Many papers and funding bodies have raised the need to consider sex as an important variable, with the National Institute of Health going as far to make it a mandatory requirement in a recent policy change. This was however met with some resistance with many arguing that scientists should be trusted to know when sex plays a role, and with concerns being raised over the cost associated with duplicating experiments in both sexes.

To address this problem, researchers at the IMPC have performed one of the largest studies to date on the effect of sex on biomedical research, analysing up to 234 physical characteristics of more than 50,000 mice.

Burrowing into the data, the team found that in the standard group of mice – the control mice – their sex had an impact on 56.6 per cent of quantitative traits, such as body weight, and on 9.9 per cent of qualitative traits, such as the shape of the whiskers. In mice that had a gene switched off – the mutant mice – their sex modified the effect of the mutation in 13.3 per cent of qualitative traits and up to 17.7 per cent of quantitative traits. Importantly, in many of these cases the sex of the animal was not expected to have an effect, refuting the idea that researchers could simply address sex when it was predicted to be an issue in advance of the study.

This research supports the idea that regardless of research field or biological system, sex should be an important consideration in the design and analysis of animal studies. Dr Natasha Karp, lead author who carried out the research at the Wellcome Trust Sanger Institute, and now works in the IMED Biotech Unit at AstraZeneca, said: “This was a scientific blindspot that we really thought needed exploration. A person’s sex has a significant impact on the course and severity of many common diseases, and the consequential side effects of treatments – which are being missed.”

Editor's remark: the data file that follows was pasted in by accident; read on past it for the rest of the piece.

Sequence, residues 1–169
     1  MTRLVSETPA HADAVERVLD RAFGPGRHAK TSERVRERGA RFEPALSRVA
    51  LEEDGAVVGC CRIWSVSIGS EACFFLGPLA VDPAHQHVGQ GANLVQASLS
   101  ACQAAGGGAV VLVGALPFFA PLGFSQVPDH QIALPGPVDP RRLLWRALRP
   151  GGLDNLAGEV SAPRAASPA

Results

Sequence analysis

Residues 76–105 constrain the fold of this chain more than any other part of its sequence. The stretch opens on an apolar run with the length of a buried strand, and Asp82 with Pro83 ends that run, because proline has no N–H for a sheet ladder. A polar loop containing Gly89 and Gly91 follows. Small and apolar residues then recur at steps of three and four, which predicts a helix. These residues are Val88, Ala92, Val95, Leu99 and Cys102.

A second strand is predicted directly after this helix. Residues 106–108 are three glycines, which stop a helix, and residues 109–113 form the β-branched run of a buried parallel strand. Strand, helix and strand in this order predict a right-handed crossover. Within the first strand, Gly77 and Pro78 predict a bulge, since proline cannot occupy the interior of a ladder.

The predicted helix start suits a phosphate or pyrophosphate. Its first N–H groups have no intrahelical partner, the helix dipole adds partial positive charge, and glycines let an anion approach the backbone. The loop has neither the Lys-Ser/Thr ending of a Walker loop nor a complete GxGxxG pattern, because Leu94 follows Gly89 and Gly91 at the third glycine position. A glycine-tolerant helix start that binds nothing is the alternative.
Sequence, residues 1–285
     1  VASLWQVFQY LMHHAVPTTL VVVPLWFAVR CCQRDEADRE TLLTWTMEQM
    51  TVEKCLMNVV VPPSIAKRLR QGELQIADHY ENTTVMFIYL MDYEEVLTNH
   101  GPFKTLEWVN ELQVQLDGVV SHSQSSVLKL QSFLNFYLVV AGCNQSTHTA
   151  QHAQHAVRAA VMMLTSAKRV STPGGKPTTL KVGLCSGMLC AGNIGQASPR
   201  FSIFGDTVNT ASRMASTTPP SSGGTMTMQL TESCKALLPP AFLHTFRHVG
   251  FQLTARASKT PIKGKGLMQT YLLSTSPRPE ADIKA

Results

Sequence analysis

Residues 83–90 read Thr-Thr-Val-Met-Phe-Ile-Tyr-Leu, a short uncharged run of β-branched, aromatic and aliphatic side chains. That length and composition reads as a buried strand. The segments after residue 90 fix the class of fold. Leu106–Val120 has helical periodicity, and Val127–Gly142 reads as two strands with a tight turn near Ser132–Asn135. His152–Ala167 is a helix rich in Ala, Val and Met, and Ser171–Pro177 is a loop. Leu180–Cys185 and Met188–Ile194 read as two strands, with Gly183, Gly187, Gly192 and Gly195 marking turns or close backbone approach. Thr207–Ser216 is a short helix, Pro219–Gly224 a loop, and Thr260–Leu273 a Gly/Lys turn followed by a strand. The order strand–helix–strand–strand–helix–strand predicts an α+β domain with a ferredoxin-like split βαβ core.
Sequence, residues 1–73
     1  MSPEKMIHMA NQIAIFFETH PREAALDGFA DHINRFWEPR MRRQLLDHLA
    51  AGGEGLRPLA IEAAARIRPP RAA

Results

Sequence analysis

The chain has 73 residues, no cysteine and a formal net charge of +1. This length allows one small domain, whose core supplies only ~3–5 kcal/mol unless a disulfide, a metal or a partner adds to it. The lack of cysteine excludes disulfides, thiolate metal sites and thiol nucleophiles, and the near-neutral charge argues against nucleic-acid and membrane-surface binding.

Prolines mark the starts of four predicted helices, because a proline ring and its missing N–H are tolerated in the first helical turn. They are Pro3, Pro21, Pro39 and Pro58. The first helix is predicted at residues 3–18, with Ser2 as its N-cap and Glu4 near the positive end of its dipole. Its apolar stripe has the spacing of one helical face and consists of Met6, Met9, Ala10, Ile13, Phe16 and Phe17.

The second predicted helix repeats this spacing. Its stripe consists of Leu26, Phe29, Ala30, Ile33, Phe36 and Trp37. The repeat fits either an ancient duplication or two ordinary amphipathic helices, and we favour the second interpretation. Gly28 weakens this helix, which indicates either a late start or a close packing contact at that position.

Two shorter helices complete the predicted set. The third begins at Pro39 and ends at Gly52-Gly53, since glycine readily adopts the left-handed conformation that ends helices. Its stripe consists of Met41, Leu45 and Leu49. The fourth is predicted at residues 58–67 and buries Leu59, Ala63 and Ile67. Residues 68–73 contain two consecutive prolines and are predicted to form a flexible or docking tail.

This study presents implications for the design of future animal studies and clinical trials. It has been more than twenty years since it became a requirement that women were included within clinical trials in the US [1]. Whilst more women are taking part in clinical trials, increasing from 9 per cent in 1970 to 41 per cent 2006 [2], women are still under-represented.

The bias is even stronger in the earlier stages of biomedical research. A review of international animal research between 2011 and 2012 found that 22 per cent of studies did not state the sex of the animals, and of those that did, 80 per cent of studies used solely males and only 3 per cent included both males and females [3].

The consequence of under-representing of females in biomedical research is evident. In the past 10 years, 8 out of 10 drugs were withdrawn from the market due to unexpected adverse effects in women, some of them life threatening [4].